Definitions in personal finance and investment: Bonds

Definitions in personal finance and investment: Bonds

Whenever you hear about portfolio diversification, the types of investments mentioned always include bonds. We explain what they are, how they work, and why (and when) bonds are a good option to buy.

A bond, simply put, is a loan to the government. When you buy a government bond you are lending money to your government. They pay you back by giving regular interest payments on your bond, and returning the full face value amount of your bond at the date of maturity. So, it works like a loan, where you are the lender.

A global thing

All countries issue their own bonds. Within those countries some cities are also allowed to issue city bonds, to raise funds for those cities. Some corporations also issue bonds instead of shares.

In the United States, when there is talk of bonds, it can mean one of four things.

Savings bonds

They’re the consumer approach to binds. Their price starts at $50.

They have the longest maturity terms of all government bonds. The current bonds on sale by the United States government are those of Series I, with a maturity of 30 years. They are a good and safe way to spend without risk. You may redeem them before their full maturity: However, if that is the case you won’t get the full interest payment from the bond, and will be charged a small penalty for early exchange.

Treasury bills

Also known as T-bills, these are short term bonds that mature within one year. They work differently from savings bonds, in that they don’t grant dividends; instead, they grow on par from their discounted sale price. Another difference is that the Treasury sells them on auction, not regular sale via financial institutions, as is the case with bonds.

Here’s an example of how a T-bill works: The government puts X amount of $10,000 T-bills on sale, and you’re interested in investing. You place a bid for less than their face value (the $10000). The highest bidders win. This way, you can get a $10,000 T-bill for $9,600, $9,700, $9,800 and so on, depending on how the conditions are on the days of sale. When the bond expires, the government gives you the full $10,000 face value of the bond. That way, you earn the difference between its face value and what you paid for it.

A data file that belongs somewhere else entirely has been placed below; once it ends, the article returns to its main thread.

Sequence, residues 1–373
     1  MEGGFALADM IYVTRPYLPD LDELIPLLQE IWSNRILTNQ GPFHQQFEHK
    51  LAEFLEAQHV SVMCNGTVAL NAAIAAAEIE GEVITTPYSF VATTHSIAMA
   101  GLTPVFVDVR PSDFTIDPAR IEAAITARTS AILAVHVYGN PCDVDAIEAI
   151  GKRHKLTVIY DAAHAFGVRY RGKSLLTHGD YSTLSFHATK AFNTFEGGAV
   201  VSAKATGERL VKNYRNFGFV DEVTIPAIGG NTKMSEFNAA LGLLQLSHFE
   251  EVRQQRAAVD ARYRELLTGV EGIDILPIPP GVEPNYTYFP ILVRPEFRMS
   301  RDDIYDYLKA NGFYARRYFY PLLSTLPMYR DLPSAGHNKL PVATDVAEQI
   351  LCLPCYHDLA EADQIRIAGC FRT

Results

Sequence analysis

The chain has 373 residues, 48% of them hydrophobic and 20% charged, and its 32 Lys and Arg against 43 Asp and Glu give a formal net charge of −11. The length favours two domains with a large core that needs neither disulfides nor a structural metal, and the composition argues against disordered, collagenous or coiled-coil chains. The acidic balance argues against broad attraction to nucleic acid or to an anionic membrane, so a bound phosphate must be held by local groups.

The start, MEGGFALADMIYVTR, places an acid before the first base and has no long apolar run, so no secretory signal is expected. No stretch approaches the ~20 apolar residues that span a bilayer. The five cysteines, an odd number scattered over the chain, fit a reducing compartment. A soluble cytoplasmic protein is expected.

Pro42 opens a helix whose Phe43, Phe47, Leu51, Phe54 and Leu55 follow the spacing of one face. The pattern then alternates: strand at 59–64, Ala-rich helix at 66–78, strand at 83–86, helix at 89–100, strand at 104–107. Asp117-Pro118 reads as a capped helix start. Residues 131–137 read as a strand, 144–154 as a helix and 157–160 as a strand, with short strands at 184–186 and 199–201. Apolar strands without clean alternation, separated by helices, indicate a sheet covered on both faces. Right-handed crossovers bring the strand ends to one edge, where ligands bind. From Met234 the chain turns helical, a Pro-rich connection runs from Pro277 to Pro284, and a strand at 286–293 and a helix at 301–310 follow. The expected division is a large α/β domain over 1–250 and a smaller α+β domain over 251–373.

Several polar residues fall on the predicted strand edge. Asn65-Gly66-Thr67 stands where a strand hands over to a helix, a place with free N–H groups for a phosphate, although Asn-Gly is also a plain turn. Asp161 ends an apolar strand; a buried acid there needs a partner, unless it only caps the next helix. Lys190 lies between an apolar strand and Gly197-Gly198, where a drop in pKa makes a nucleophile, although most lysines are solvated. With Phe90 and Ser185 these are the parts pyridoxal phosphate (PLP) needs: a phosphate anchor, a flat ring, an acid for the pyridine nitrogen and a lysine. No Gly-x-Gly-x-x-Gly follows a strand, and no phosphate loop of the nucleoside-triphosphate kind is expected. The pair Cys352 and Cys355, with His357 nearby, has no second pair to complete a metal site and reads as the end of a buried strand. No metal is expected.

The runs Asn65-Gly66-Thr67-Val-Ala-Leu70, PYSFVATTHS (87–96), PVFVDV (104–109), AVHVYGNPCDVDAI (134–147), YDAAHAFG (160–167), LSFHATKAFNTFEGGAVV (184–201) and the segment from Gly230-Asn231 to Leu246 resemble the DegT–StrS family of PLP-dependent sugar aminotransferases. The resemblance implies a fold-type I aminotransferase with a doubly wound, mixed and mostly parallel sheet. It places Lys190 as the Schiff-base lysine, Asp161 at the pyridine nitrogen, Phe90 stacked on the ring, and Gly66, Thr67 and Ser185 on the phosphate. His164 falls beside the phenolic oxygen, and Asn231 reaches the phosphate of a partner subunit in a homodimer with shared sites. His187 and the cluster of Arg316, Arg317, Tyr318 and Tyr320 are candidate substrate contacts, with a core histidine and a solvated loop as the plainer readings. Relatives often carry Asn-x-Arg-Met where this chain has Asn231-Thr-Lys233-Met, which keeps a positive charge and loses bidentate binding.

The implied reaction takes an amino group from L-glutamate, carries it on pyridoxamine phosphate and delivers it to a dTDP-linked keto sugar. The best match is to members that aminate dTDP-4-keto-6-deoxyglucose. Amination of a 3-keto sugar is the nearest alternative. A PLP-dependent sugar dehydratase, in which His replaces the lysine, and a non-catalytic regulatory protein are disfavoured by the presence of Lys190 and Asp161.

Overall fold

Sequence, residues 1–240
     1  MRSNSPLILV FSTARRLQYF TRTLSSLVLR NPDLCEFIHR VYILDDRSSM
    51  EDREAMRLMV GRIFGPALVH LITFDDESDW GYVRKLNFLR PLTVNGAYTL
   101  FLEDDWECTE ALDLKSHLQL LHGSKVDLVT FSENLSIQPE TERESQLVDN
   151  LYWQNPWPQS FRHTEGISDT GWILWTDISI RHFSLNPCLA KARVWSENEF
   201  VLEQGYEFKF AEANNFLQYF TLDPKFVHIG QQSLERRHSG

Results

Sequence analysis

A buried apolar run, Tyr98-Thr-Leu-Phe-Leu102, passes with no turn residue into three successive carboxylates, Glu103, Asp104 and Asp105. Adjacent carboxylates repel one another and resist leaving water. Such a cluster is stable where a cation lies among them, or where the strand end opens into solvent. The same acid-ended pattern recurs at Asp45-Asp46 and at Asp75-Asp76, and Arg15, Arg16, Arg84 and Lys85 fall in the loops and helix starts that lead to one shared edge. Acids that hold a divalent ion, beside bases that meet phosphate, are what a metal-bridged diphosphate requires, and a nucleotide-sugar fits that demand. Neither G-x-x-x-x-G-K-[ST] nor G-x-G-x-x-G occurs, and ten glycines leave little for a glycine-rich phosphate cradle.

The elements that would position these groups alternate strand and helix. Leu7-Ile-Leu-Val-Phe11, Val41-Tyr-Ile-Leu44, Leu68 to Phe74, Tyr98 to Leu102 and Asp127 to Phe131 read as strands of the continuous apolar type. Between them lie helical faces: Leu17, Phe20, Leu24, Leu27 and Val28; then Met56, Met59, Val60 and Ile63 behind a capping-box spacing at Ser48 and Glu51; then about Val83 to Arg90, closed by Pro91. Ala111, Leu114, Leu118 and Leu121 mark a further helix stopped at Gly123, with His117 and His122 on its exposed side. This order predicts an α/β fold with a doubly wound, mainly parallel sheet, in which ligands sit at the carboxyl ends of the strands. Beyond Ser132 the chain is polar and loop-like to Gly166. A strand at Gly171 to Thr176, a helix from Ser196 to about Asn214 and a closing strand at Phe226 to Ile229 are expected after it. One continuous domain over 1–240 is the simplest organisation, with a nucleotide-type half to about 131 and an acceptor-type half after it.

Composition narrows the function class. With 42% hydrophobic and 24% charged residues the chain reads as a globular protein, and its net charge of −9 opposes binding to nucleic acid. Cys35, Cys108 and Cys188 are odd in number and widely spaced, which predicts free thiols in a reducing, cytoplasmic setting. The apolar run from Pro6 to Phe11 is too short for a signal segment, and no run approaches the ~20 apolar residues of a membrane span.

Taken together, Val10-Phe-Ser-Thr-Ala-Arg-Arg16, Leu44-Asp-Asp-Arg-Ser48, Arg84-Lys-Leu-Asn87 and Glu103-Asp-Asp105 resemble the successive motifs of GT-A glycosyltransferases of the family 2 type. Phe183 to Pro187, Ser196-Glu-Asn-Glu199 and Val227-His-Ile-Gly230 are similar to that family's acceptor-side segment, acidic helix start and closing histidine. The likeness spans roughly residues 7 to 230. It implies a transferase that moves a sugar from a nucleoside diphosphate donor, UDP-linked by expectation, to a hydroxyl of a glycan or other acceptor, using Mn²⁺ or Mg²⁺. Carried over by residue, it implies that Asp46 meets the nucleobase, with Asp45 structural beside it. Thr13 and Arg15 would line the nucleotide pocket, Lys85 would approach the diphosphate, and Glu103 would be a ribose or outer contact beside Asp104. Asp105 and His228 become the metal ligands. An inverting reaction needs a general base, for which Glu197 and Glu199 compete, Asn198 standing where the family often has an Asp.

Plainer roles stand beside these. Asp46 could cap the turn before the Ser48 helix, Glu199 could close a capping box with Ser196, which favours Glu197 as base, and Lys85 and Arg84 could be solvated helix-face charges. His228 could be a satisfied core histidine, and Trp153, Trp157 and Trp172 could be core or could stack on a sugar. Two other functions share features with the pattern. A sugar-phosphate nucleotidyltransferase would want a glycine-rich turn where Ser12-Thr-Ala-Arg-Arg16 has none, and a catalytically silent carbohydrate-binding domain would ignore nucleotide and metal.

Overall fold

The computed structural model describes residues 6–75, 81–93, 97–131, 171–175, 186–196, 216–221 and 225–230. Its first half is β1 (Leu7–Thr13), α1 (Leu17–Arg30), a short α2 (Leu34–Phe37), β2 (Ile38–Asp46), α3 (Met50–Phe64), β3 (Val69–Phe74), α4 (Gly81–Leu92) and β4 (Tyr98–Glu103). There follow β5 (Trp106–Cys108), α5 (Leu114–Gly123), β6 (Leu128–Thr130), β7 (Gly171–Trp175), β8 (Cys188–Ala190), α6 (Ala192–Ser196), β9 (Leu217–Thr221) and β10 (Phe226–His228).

The smallest T-bill is $100.


Treasury notes

Treasury notes or T-notes work the same as T-bills but have greater maturity terms, between one and ten years. The 10-year Treasury note is the most followed of all securities, and many banks use their current prices to set mortgage rates. Treasury notes also sell at auction, but differ from treasury bills in that earn interest, like a savings bonds do. However, whereas bonds give interest quarterly, Treasury notes do so every six months. They come in denominations of $1,000.

Treasury bonds

Also known as T-bonds, you shouldn’t them with savings bonds. Th U.S. Treasury issues them directly, and they’re extra long-term securities, with terms of 20 or 30 years. They give interest semi-annually, and their starting face value is $1,000.

Tax considerations

The interest earned from any of the bonds issues by the U.S. Treasury is exempt from state and local taxes, but subject to federal tax. Keep that in mind when investing in bonds.

Why should I buy bonds? And when?

From an individual investor’s point of view, the government bonds of most nations are a very safe bet, if a tad boring. After all, you have a guaranteed safe return on your investment.

If you’re near retirement or retired and have extra cash, bonds are a good choice. They can just gather interest on their own (savings bonds) or provide you semiannual payments of dividends that can be a tidy addition to your monthly income. And, as I said, they are a safe bet.

Another good time to consider purchasing some bonds is when stocks are soaring. I am not going to explain why today, but know this: when stock prices are high, Treasury bill prices are low, and vice versa. So, Treasury bills are good to buy when the stock market is doing well and stocks are overpriced. The greater the discount, the more you make at maturity.

Consumer bonds as investments are an attractive option when the markets aren’t doing well, or when the economy is near or in recession. They have the backing of the treasury so that you have a pretty safe bet when purchasing them.

If you’re interested in weighing your investment options, remember that through the partnership with Cetera Advirsors, you can receive a free consultation with no commitment on your part.

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